>
    >
    > Jim Cheshire
    > --
    > Blog:
    > http://blogs.msdn.com/jamesche
     
    Mark, Jan 20, 2006
    #3
  4. Mark

    Jim Cheshire Guest

    On Fri, 20 Jan 2006 08:26:08 -0600, "Mark" <>
    wrote:

    >Yes - testing is certainly done beyond development. However, it is my
    >responsibility to test my software thoroughly prior to handing it to the
    >tester. I can copy the files from the file system to my local IIS to test
    >... but again I lose the debug capabilities, not to mention the ease of
    >finding problems just by working natively in IIS all the time.
    >
    >Also - no loaded question was intended. Microsoft has created a "safe"
    >place for us to develop code, but it strikes me as a limited environment.
    >I'd love feedback on how others intend to balance the need for feeling safe,
    >and the desire for increased functionality. Once we have our team head down
    >one path, it would be a pain to change it for everyone.
    >


    Yes, the ASP.NET Development Server is a limited environment for sure.
    There are several reasons why we chose to go that route, but one of
    the most important ones is that it allows developers to run and debug
    code as non-administrators. This has traditionally been a painful
    process, especially for educational institutions and government
    agencies.

    One thing that you may not have thought of is using the ASP.NET
    Development Server to debug content that physically exists on an IIS
    instance. In other words, say that you have a Web server called Web01.
    You can map a drive (say the G drive) on your development box that
    maps to the content of your Web site on the Web server. In VS 2005,
    you simply open your project using that file path. Then when you
    debug, you will actually run against the ASP.NET Development Server,
    but you can also browse the exact same content on the IIS instance.


    Jim Cheshire
    --
    Blog:
    http://blogs.msdn.com/jamesche
     
    Jim Cheshire, Jan 20, 2006
    #4
  5. Mark

    Mark Guest

    Interesting points. Thanks for the details. Assuming that our developers
    are all admins on our boxes, and that we all have IIS installed locally on
    our machines, is there any good reason not to develop our applications right
    in our local IIS instances?

    Thanks again.

    Mark

    "Jim Cheshire" <> wrote in message
    news:...
    > On Fri, 20 Jan 2006 08:26:08 -0600, "Mark" <>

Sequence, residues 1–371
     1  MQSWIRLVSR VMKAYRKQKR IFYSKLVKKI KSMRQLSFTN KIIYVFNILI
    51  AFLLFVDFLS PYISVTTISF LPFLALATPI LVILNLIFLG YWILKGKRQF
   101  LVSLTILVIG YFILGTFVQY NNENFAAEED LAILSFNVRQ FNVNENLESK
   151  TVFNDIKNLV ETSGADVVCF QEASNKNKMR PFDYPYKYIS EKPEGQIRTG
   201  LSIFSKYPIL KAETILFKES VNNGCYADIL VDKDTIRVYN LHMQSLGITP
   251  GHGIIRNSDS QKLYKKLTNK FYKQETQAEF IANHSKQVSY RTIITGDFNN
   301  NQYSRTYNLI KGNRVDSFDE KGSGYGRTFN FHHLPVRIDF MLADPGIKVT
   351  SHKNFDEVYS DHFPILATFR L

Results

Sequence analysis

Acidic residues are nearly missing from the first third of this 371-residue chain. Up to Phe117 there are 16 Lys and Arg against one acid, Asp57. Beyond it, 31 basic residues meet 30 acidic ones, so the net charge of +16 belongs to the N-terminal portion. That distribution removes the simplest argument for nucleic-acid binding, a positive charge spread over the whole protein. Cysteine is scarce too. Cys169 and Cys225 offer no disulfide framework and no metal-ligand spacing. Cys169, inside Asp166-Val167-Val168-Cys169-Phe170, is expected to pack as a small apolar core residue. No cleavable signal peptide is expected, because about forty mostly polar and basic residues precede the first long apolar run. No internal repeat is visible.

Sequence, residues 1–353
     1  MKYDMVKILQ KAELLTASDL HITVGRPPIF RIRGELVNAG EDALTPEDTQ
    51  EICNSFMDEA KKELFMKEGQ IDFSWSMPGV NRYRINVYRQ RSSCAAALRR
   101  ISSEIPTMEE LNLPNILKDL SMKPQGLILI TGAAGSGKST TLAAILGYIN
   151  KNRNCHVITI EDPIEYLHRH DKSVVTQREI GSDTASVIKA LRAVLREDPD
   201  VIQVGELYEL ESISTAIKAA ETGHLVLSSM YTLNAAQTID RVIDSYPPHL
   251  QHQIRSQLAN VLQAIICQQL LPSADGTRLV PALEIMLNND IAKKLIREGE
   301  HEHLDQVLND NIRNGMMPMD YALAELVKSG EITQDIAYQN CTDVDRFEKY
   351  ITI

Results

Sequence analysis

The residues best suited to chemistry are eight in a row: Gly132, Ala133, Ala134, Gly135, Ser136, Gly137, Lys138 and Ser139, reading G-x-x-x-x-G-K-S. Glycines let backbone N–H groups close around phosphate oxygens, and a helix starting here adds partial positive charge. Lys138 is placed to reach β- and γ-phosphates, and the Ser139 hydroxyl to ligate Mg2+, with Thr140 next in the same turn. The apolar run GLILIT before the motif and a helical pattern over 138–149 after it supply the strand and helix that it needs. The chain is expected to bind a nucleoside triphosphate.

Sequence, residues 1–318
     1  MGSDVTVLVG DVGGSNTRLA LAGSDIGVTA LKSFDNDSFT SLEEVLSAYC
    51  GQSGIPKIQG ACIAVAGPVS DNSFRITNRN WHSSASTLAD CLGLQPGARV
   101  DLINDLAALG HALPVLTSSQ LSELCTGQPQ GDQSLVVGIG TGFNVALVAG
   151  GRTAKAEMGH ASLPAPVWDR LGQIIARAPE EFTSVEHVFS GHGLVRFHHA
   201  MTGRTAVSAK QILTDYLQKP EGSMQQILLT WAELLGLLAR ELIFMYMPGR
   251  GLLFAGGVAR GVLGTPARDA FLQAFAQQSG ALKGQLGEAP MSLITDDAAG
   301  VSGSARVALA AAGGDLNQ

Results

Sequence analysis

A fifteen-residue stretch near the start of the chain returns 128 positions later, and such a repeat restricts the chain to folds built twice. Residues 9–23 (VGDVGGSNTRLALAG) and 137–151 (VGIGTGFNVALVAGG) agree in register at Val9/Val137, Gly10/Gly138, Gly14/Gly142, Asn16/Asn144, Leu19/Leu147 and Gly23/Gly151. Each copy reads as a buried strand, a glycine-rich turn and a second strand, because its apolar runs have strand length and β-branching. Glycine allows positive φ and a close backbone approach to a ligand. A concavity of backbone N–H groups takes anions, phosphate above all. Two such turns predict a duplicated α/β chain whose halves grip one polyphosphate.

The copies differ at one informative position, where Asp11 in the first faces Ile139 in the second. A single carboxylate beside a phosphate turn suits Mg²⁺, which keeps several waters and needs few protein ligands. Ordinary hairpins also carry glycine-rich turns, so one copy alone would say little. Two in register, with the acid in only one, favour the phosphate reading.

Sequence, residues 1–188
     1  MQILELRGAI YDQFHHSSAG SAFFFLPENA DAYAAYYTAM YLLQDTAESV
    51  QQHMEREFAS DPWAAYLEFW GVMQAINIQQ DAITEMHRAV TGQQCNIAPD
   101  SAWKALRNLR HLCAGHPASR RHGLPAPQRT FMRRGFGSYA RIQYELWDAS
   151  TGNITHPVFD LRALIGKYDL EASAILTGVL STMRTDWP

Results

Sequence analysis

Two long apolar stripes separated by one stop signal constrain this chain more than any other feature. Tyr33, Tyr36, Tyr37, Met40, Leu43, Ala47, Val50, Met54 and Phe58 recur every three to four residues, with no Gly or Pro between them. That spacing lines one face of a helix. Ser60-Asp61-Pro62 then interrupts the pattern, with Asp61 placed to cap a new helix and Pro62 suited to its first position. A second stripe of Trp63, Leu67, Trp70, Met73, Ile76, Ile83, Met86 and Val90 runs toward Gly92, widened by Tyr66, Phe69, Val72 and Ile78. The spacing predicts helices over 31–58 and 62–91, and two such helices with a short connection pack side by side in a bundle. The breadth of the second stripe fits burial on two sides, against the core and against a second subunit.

> wrote:
    >
    >>Yes - testing is certainly done beyond development. However, it is my
    >>responsibility to test my software thoroughly prior to handing it to the
    >>tester. I can copy the files from the file system to my local IIS to test
    >>... but again I lose the debug capabilities, not to mention the ease of
    >>finding problems just by working natively in IIS all the time.
    >>
    >>Also - no loaded question was intended. Microsoft has created a "safe"
    >>place for us to develop code, but it strikes me as a limited environment.
    >>I'd love feedback on how others intend to balance the need for feeling
    >>safe,
    >>and the desire for increased functionality. Once we have our team head
    >>down
    >>one path, it would be a pain to change it for everyone.
    >>

    >
    > Yes, the ASP.NET Development Server is a limited environment for sure.
    > There are several reasons why we chose to go that route, but one of
    > the most important ones is that it allows developers to run and debug
    > code as non-administrators. This has traditionally been a painful
    > process, especially for educational institutions and government
    > agencies.
    >
    > One thing that you may not have thought of is using the ASP.NET
    > Development Server to debug content that physically exists on an IIS
    > instance. In other words, say that you have a Web server called Web01.
    > You can map a drive (say the G drive) on your development box that
    > maps to the content of your Web site on the Web server. In VS 2005,
    > you simply open your project using that file path. Then when you